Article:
It’s time to stop stagnating and address data integrity Business News

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The European Parliament’s resolution on the integrity of online gambling called on Member States to make risk reduction and fraud prevention top priorities. The resolution concluded that online gambling “combines multiple risk factors” that make player protection particularly important, and called for a thorough investigation. I couldn’t agree more. Responsible gambling is an extremely important issue. Only problem: this EU resolution dates from Tuesday, March 10, 2009.

Thirteen years of stagnation lead to frustration. During this time, millions of people have been injured. In the UK alone, it is estimated that over five million people have suffered harm from problem online gambling.

Much of this damage, according to research, can be avoided through technological intervention and regulation that protects players from themselves and prevents fraud. It’s quite amazing how player data can be analyzed to identify problematic behaviors before they escalate, prevent harm, and promote a healthier industry. Governments and gaming organizations have worked together to explore these data-driven regulatory strategies for well over a decade. We hear of countless committees, review boards, regulatory departments, wrist fines, and more investigations than a police department.

Now, I don’t mean to sound cynical, but you’ll notice the frustration in my tone. Because the tools and technologies to solve these challenges are already available. Regulators simply have to agree to their use. And we may hear misinformed worries about the cost of implementing new technologies, but we must not forget that the cost of inaction is measured in human suffering – addiction, depression, economic strife and suicide.

At the heart of this dithering is a data challenge that plagues every industry. For years, we believed that data would save the world. If we could just wait a little longer, collect a little more data, we would have models that enable near-perfect decision making. Unfortunately, unsurprisingly, this did not happen. Every week we find out that another company is investing in the latest AI-powered analytics tool, acquiring a hot new startup with “data” in its name, or announcing the success of its management framework. and data governance. How is it then that most decision makers report that they are likely to disregard data-based insight that conflicts with their own intuitions? We’ve invested billions in data and analytics, but in the end, the boss always follows his intuition. The reason isn’t a lack of data, it’s a lack of data integrity. If we don’t have complete confidence in the data we rely on, it is effectively worthless.

Simply put, data integrity is the reliability and dependability of data throughout its lifecycle. It is a measure of our confidence that the data has not been altered, corrupted, abused or manipulated. Even perfectly valid and verified data is untrustworthy if it is not managed, stored, and shared using systems that prioritize reliability and immutability.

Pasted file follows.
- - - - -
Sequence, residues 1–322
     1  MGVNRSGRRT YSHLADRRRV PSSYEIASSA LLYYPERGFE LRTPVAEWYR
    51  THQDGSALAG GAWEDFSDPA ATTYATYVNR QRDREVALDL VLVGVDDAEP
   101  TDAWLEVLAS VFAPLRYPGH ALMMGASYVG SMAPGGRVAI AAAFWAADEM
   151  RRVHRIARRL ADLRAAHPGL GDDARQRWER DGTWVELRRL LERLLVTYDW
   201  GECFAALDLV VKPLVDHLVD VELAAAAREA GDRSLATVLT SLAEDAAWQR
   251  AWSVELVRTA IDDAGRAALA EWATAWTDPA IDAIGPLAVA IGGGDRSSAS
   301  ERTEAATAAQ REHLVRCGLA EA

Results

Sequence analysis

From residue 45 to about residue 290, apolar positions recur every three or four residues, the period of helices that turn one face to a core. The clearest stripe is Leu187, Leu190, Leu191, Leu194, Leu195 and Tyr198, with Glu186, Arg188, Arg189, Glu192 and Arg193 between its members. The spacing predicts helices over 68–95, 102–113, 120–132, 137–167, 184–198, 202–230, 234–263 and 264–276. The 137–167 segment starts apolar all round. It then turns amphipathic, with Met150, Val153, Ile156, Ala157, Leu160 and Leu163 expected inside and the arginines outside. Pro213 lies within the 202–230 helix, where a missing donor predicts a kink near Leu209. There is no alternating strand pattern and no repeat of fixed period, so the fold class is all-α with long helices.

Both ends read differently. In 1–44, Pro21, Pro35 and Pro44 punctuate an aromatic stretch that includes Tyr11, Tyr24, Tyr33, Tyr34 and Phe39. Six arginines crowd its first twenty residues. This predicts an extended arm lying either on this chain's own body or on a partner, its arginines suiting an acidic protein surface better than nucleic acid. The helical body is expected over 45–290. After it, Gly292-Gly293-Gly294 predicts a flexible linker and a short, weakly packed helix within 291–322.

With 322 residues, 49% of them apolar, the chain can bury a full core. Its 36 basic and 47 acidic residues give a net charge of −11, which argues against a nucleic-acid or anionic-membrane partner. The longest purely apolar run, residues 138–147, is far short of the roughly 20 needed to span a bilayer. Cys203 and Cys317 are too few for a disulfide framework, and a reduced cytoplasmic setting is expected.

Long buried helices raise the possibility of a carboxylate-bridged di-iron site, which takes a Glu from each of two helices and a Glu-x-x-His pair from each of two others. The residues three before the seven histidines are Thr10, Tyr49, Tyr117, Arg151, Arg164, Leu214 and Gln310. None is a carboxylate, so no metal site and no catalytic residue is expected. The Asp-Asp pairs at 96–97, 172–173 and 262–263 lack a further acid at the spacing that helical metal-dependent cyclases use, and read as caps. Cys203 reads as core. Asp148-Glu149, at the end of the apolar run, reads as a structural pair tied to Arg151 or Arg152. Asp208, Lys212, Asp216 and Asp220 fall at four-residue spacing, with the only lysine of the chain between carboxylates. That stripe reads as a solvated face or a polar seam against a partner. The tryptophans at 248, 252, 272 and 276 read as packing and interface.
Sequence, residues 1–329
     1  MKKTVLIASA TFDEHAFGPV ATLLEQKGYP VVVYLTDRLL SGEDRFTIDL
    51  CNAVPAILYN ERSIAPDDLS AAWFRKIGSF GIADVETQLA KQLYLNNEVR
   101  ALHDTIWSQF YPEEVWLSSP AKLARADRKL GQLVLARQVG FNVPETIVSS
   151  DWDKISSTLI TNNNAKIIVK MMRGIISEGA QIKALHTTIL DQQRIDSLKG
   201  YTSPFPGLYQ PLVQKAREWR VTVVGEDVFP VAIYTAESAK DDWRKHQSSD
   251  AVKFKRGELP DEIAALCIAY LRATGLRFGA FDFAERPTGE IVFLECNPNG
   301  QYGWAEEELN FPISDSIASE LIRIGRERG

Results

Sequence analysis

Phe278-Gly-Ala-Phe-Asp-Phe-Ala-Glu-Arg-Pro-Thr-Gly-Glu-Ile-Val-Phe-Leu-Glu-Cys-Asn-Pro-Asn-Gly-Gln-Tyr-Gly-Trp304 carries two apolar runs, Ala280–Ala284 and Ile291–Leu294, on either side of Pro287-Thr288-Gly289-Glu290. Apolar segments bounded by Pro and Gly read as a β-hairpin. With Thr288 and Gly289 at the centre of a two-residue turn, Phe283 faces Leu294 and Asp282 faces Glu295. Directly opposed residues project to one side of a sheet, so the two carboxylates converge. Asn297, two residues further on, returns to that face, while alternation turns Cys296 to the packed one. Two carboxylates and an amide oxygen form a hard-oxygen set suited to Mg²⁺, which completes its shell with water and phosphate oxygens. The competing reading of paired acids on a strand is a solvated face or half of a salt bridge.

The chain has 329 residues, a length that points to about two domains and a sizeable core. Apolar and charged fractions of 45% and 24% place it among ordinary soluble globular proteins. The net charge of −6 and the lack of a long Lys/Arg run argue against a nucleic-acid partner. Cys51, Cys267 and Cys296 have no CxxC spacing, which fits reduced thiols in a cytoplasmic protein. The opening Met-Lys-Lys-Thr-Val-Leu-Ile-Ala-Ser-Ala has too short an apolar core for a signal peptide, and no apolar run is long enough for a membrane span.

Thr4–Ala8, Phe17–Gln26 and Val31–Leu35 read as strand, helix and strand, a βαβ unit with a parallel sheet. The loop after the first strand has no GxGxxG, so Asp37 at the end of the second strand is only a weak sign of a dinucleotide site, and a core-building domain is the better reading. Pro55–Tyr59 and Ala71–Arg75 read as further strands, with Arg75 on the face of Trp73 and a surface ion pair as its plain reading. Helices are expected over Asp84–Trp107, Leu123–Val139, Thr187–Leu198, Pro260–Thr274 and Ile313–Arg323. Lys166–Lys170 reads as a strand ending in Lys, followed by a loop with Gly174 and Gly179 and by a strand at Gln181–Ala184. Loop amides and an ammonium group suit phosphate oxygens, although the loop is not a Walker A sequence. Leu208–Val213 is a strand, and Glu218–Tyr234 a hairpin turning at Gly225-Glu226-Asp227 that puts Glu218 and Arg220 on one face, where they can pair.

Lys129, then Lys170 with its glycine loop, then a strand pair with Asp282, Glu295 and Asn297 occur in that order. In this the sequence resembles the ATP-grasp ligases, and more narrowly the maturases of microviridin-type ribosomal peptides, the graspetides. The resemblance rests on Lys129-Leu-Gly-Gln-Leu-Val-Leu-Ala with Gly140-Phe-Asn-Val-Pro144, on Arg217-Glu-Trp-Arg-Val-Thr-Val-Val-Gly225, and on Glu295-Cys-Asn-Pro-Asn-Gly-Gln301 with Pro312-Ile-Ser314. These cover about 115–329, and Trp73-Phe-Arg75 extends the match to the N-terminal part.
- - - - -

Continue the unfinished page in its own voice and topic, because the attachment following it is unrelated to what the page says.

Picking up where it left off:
Data integrity issues explain the stagnant regulation of the online gambling industry. For example, regulators want gambling operators to demonstrate compliance with standards on how, when and how much to communicate with players about potential markers of harm. How could an operator do this? A promise would surely not be enough. The operator could keep a log of these communications, but this is open to manipulation. It could use a third party to store evidence of this communication, but this too presents the potential for corruption, abuse or fraud. The answer is to store the attested records of this communication on an immutable ledger. Externally auditable, decentralized, and trustworthy, an immutable ledger can create true data integrity.

The only way to trust data is to use systems that don’t force you to. This is not only true for online gambling. This also rings true across all industries.

Data is a tool for better decision making. However, until we address data integrity in a real, in-depth way, collecting and analyzing data is a waste of time and resources. Unless, of course, the goal itself is that pantomime of progress we see unfolding in headlines and interviews.

Since my review is about rampant inaction, I’d like to be as action-oriented as possible. When it comes to data integrity, I think there are several ways for business leaders to identify the problem in their own organization and take steps to overcome it. First and foremost, accept that data integrity is a fundamental challenge.

Decision makers need to take a critical look at their own organizations. Ask yourself how important data is to your decision-making. How often do you find that the data “coincidentally” matches your instincts (a potential sign of confirmation bias)? How often do you ignore the data you…

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This notice was published: 2022-04-20 09:52:26

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